On the fourteenth day, my orders arrived; I shipped out on the SS Evangeline. We were told the small troop ship had been a banana boat before the war, bringing produce from Central America and South America to the States. Just recently I learned the truth: after she was built in 1927, the Evangeline operated the Boston to Yarmouth, Nova Scotia service for the Eastern Steamship Lines until World War II, when she was requisitioned by the US Government and sent to the Pacific theater.
The Evangeline had been converted to haul troops. Below decks our bunks were stacked four deep. I had a top bunk which was the best, especially when those below you became sea sick! It was stifling hot down there, and a lot of us just slept on a hatch cover on deck. We could not take showers because there was just enough water for consumption and none for bathing.
The ship had a Merchant Marine crew with a Coast Guard gun crew to man the cannon on the fantail and the anti-aircraft 50 caliber machine guns. These were mounted in “gun tubs” on either side of the ship. As we first started our “cruise” we would run under the gun tubs for cover when it rained-which was every afternoon. After about a week, we would just continue to lie around or sit on the hatch cover and enjoy the rain. We probably needed to be washed off; it took us 45 days to get to the Philippines, and that is a long time to go without a bath!
The Skipper kept telling everyone to wear his life jacket, but it was so hot most of us did not. One hot afternoon we were lying out on the hatch cover, and one of the life rafts, which was sitting on two rails pointed to the sea and tied to the gun tub, broke loose. The sea was calm and just like glass. Well, down it slid, just like it was supposed to do in an emergency. BUT, when it hit the water it did not slow down. It sank to the bottom while we were watching it. Funny, after that, everyone aboard ship had his life jackets on all the time. Those life rafts had been painted so many times the cork would not float at all.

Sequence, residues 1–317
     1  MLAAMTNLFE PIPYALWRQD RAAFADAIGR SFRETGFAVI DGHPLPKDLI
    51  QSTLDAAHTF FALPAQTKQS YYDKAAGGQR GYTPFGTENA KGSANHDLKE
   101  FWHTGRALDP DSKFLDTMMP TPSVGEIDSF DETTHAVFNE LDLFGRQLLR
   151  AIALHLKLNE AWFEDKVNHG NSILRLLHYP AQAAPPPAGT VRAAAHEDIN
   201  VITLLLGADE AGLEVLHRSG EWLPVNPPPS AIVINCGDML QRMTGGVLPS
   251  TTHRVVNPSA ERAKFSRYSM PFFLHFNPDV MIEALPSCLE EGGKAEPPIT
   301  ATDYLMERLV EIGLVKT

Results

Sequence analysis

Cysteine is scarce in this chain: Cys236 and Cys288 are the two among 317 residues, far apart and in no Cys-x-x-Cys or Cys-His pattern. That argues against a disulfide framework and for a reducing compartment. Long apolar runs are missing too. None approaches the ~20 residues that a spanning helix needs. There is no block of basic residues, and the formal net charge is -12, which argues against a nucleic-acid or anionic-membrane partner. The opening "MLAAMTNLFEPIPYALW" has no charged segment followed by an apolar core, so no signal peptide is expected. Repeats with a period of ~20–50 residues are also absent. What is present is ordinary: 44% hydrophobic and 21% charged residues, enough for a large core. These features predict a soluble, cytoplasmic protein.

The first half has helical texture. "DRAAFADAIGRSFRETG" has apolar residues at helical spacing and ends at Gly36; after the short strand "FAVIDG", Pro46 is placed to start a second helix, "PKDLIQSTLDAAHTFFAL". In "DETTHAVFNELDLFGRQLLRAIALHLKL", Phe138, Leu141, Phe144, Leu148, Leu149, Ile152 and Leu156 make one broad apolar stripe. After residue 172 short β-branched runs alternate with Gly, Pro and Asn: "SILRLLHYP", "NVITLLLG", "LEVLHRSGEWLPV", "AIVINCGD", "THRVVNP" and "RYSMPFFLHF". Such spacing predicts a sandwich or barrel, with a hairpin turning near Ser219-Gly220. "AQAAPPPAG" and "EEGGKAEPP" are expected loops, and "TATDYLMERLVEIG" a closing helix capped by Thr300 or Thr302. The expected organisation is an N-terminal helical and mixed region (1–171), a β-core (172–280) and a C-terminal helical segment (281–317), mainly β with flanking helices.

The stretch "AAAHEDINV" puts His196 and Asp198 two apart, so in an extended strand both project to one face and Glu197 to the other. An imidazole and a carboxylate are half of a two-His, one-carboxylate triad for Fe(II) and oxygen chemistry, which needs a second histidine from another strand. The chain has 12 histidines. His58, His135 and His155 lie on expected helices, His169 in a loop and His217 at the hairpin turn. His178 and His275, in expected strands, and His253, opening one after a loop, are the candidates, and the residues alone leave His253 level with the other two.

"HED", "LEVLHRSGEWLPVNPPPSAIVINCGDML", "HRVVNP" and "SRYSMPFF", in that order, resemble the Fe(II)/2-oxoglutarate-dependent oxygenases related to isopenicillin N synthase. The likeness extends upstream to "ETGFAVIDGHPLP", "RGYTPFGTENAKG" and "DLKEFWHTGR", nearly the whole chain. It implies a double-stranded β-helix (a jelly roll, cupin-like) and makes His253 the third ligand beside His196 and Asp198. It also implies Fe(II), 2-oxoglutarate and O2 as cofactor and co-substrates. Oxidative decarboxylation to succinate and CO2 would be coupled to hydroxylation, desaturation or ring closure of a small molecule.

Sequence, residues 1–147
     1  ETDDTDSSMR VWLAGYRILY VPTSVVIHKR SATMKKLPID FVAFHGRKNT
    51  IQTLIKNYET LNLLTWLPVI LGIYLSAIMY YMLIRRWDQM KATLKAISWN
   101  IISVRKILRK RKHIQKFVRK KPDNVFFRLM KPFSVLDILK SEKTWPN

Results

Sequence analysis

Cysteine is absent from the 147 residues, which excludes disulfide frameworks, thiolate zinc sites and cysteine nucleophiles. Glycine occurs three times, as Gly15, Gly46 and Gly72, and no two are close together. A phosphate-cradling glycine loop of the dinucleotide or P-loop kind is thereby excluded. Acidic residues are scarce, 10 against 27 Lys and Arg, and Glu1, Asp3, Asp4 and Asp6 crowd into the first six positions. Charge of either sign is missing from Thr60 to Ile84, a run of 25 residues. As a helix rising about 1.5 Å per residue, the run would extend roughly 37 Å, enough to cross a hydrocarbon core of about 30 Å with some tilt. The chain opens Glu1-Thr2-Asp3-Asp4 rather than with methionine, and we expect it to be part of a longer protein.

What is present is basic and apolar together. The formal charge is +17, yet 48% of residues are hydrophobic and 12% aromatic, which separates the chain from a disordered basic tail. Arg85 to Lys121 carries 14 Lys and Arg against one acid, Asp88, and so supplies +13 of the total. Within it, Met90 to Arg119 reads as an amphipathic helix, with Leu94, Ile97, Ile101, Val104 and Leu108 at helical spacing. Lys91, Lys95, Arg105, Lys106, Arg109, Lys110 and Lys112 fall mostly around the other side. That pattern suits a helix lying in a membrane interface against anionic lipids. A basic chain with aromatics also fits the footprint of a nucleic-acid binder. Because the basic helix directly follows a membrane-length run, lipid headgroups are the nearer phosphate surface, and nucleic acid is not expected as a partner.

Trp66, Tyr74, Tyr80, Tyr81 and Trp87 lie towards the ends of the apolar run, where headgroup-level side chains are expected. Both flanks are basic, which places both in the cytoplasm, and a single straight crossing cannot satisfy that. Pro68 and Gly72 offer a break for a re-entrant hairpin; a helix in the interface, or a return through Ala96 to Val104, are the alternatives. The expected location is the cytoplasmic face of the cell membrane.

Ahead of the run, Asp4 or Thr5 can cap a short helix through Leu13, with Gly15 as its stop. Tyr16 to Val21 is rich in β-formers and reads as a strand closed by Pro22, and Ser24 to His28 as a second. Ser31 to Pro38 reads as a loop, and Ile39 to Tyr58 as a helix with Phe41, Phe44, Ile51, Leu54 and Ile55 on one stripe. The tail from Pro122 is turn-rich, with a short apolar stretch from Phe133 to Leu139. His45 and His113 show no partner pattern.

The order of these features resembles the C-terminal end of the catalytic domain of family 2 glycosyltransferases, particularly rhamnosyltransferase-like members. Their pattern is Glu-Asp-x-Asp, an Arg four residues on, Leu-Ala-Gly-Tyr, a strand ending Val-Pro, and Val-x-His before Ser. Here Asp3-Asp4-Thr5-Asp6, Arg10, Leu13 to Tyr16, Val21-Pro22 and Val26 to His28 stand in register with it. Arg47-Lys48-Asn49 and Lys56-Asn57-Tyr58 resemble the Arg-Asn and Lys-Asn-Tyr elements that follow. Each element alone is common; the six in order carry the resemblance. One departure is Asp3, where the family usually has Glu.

Another disconcerting incident occurred about this time. The coast guard crew was doing gun practice with the cannon at the rear of the ship. They would release big balloons, and shoot at them. They kept shooting as the balloon drifted towards the bow of the ship, and all of a sudden a huge crash, and they had shot the paint locker right in two. Of course it set the paint afire, and we had a lot of excitement while the crew put out the fire.
After about six days at sea, we stopped in at Pearl Harbor for repairs. The old Evangeline had sprung a few leaks. While at Pearl, we went ashore each day. We visited Waikiki beach, Diamond Head, the Arizona and finally the Dole pineapple factory. This last one did me in. I loved pineapple, and as we went down the canning line, the guide would spear six or eight slices of pineapple and give us all we wanted. I ate a bunch, but the thing that really did it for me was the water fountain. They had fountains that were pineapple juice. It was a hot day and I drank a lot of juice.
I paid the price, and starting that evening, I was so sick I did not even go ashore the next day. First bananas and now pineapple, will I ever learn?
Photo of troop ship berthing found here.
Photo of the SS Evangeline found here.
Photo of USS Missouri off Diamond Head found here.